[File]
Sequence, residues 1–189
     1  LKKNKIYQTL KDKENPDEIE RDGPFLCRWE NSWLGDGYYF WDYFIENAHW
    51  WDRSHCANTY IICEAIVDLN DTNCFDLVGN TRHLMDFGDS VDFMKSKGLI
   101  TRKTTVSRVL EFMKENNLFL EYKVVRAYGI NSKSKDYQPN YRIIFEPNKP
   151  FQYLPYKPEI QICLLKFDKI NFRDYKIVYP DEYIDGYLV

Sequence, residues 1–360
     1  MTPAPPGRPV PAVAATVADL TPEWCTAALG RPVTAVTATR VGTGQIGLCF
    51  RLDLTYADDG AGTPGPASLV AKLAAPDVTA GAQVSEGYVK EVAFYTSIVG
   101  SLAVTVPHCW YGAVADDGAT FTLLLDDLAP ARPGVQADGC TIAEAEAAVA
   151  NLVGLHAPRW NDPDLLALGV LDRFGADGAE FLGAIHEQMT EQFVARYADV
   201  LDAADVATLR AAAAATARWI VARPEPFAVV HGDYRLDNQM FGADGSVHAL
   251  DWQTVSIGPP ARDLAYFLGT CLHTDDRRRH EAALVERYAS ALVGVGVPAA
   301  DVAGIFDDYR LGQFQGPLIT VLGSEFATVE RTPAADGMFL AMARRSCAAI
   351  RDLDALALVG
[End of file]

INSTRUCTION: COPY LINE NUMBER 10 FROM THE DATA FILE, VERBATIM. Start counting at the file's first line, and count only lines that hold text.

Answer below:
   151  NLVGLHAPRW NDPDLLALGV LDRFGADGAE FLGAIHEQMT EQFVARYADV